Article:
Trade deals bode well for Washington wheat

After years of poor prices and promised, but unrealized trade deals, Eastern Washington farmers are finally holding a winning hand as multiple agreements are being signed, sealed and delivered.

The latest success is the passage of the USMCA treaty by the U.S. Senate 89 to 10 on Jan. 16. But a preliminary trade agreement with China, the details of which were revealed by the Trump Administration on Jan. 15, vies, or even exceeds the U.S.-Mexico-Canada Agreement trade deal in importance. Not to be forgotten, the bilateral agreement with Japan, signed last November, puts U.S. farmers on the same footing as Canadian and Australian farmers into that market.

Glen Squires, CEO of the Washington Grain Commission, hailed the flurry of deals.

“There are many challenges facing Eastern Washington wheat farmers, but prices can never be overlooked and prices have been in the doldrums for several years. While the USMCA treaty doesn’t have a direct affect on the Pacific Northwest, Mexico is the nation’s largest wheat importer. Its ability to continue to source U.S. wheat into the future will strengthen the entire market,” he said.

USMCA retains tariff-free access to imported U.S. wheat into Mexico. It also works toward more open commerce for U.S. wheat farmers into Canada.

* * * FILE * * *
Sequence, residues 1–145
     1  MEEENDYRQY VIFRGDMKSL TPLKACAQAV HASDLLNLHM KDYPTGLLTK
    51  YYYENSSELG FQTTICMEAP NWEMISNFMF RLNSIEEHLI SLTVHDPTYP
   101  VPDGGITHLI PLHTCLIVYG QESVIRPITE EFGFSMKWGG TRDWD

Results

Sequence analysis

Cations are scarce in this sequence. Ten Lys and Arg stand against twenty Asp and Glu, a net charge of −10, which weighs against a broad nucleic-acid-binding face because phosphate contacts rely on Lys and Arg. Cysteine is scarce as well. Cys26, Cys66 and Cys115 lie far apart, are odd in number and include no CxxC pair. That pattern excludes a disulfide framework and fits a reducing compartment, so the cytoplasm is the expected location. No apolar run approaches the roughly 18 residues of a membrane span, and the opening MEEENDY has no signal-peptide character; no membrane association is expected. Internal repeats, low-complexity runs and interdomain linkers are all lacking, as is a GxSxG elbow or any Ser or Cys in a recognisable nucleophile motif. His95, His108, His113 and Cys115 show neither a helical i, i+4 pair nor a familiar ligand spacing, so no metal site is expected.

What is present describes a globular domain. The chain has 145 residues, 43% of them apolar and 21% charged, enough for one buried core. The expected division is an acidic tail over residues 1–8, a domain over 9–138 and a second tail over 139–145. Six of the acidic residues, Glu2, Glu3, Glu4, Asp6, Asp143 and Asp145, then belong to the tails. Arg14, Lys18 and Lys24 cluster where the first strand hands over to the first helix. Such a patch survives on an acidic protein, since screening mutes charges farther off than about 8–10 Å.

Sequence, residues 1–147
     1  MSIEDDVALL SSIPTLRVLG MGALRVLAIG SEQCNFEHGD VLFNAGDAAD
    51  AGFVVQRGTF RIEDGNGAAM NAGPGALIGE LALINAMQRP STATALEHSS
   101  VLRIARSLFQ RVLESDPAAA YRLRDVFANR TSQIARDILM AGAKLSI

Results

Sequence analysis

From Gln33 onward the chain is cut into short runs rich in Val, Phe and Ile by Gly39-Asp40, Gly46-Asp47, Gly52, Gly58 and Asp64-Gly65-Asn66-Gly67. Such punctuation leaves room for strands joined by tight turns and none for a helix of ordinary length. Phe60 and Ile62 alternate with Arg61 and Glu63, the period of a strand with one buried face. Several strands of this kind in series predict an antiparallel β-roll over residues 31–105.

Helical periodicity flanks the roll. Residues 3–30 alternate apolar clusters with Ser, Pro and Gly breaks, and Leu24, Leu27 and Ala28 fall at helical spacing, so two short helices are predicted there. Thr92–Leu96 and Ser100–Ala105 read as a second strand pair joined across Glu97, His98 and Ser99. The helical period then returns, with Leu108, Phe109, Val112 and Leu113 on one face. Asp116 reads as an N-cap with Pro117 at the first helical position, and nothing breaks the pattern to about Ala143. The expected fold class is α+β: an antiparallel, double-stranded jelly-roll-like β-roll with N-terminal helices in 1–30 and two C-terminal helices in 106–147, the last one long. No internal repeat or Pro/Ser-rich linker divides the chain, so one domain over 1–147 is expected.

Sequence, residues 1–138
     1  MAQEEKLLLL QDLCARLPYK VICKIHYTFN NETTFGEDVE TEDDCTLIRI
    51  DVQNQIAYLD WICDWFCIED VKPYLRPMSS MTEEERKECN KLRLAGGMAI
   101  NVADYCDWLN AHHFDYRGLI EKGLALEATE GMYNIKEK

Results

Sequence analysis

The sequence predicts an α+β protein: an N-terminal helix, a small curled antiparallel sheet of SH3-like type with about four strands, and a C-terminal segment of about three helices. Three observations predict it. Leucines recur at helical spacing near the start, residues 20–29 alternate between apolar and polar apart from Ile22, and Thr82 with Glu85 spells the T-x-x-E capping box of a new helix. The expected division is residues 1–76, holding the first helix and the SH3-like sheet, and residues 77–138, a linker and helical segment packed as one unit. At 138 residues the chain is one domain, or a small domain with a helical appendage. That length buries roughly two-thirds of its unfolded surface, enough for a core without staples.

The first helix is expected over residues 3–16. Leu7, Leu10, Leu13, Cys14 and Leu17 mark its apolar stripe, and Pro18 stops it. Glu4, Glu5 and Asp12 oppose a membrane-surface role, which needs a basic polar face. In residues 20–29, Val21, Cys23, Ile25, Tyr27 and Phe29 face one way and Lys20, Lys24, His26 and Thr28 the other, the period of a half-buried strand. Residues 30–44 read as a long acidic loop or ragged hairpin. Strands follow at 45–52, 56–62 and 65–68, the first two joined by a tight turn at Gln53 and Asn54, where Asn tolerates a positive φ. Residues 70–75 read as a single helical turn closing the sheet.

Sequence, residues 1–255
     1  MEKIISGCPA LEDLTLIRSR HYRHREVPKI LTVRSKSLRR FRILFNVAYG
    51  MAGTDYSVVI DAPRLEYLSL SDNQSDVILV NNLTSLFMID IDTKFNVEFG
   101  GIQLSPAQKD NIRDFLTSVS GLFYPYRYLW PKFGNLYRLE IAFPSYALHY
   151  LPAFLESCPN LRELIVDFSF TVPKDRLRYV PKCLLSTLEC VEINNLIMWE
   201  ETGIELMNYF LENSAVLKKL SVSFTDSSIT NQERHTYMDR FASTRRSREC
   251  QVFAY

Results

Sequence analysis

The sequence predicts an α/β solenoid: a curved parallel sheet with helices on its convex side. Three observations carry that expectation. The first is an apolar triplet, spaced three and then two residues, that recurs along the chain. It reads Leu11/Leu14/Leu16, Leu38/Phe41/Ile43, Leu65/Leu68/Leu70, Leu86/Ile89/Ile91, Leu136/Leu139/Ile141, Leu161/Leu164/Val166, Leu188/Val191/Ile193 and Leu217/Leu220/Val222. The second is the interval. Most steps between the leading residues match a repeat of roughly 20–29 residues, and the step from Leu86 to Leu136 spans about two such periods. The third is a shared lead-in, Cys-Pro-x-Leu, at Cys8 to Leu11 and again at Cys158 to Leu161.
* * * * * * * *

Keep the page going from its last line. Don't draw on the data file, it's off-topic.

Michelle Hennings, executive director of the Washington Association of Wheat Growers, echoed Squires’ support for the USMCA treaty, but added that it is the preliminary deal that President Trump forged with China that holds the greatest promise for her farmers.

“China has a lot of wheat, but they don’t have a lot of quality wheat. With Eastern Washington’s emphasis on growing quality, our farmers are well positioned to take advantage of the anticipated demand and rising prices,” she said.

The preliminary agreement will have Beijing purchasing an additional $200 billion worth of U.S. goods and services over the next two years, of which $80 billion is to come in agricultural commodities. In 2017, when the trade war started, China imported about $185 billion in total U.S. goods and services.

The country has also agreed to follow its commitments under the WTO, established when it acceded to the international trade organization in 2001. That includes a Tariff Rate Quota of 9.64 million metric tons of wheat imports annually. If fulfilled, it would make China the third largest importer in the world behind Egypt and Indonesia.

“All of this trade activity bodes very well for our farmers, but we must remember the world still has a large wheat inventory. Nevertheless, I believe Eastern Washington is well positioned—given our history and commitment in growing quality wheat—to take advantage of President Trump’s and trade representative Robert Lighthizer’s tireless work on behalf of U.S. agriculture,” Squires said.